INH-induced lysis of the HIV opportunistic infection, M. tuberculosis

Project: Research project

Project Details

Description

Mycobacterium tuberculosis is one of the most important opportunistic pathogens of HIV-infected individuals. Current treatments for tuberculosis are being threatened by the rapid emergence of drug resistance. Our research program has worked to define the mechanisms of action of a leading anti-tuberculosis drug isoniazid (INH) and an important second line drug ethionamide (ETH), with the goal of enabling rational drug design. Using a combination of genetics, biochemistry, X-ray crystallography, electron microscopic and gene analysis approaches, we discovered a common target to be an enoyl reductase of the Fatty Acid Synthase (FAS) type II system responsible for mycolic acid synthesis. The three dimensional structure of InhA was determined, and its enzymatic activity was unexpectedly found be in inhibited by an INH-NAD
adduct that bound to the InhA NADH binding pocket. We have also identified a set of contiguous genes iniB, iniA, and iniC, that confer tolerance to INH in mycobacteria overexpressing these genes. We have established InhA as an excellent drug target by demonstrating that InhA-thermal inactivation of a temperature-sensitive mutation in inhA leads to lysis of the mycobacterial cell. Moreover, we have identified novel compounds that inhibit InhA and possess anti-mycobacterial activity. Despite these accomplishments, additional questions remain concerning the molecular events that lead to INH-induced cell lysis, and the mechanisms that confer resistance to this phenomenon. Here we propose to continue our multi-disciplinary approach to study novel resistance mechanisms, including one that is caused by defects in NADH dehydrogenase. We will also focus on defining the molecular events that lead to mycobacterial cell lysis by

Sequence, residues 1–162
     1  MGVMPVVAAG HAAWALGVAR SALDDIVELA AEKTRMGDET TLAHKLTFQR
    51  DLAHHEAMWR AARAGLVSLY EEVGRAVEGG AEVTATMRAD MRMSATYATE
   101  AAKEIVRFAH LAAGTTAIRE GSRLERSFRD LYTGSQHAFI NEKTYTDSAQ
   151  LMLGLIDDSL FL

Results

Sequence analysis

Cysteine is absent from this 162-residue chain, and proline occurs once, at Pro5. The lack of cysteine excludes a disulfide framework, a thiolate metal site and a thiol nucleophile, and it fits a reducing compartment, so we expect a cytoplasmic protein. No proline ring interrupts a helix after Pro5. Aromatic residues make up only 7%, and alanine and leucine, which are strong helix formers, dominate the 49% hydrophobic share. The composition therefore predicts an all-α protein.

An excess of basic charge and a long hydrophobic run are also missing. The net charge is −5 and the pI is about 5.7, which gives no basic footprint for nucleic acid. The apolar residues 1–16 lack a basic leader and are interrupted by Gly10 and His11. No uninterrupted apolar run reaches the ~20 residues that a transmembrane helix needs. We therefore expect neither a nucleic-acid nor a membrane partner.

comparing and contrasting three different mutant strains that cause lysis following inhibition of three different metabolic pathways. Finally, we will characterize the tolerance mediated by the IniA and IniB proteins, and define the mechanisms by which mycobacteria prevent lysis. The knowledge gained by this work will lead to the identification of novel drug targets, strategies to overcome tolerance, and more effective treatments for tuberculosis.
StatusFinished
Effective start/end date7/1/984/30/09

Funding

  • National Institute of Allergy and Infectious Diseases: $754,349.00

ASJC

  • Infectious Diseases
  • Biochemistry
  • Pulmonary and Respiratory Medicine

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